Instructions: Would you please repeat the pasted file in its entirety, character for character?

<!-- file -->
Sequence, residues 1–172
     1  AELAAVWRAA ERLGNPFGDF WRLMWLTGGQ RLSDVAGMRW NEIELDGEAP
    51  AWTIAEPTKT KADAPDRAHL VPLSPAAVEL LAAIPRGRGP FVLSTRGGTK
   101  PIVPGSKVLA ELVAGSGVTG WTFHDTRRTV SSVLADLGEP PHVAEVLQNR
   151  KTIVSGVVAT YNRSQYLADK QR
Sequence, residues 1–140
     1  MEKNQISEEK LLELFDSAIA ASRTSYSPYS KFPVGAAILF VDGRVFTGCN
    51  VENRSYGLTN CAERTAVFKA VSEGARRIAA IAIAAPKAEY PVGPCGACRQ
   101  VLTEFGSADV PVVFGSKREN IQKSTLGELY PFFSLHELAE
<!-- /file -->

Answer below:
Sequence, residues 1–172
     1  AELAAVWRAA ERLGNPFGDF WRLMWLTGGQ RLSDVAGMRW NEIELDGEAP
    51  AWTIAEPTKT KADAPDRAHL VPLSPAAVEL LAAIPRGRGP FVLSTRGGTK
   101  PIVPGSKVLA ELVAGSGVTG WTFHDTRRTV SSVLADLGEP PHVAEVLQNR
   151  KTIVSGVVAT YNRSQYLADK QR
Sequence, residues 1–140
     1  MEKNQISEEK LLELFDSAIA ASRTSYSPYS KFPVGAAILF VDGRVFTGCN
    51  VENRSYGLTN CAERTAVFKA VSEGARRIAA IAIAAPKAEY PVGPCGACRQ
   101  VLTEFGSADV PVVFGSKREN IQKSTLGELY PFFSLHELAE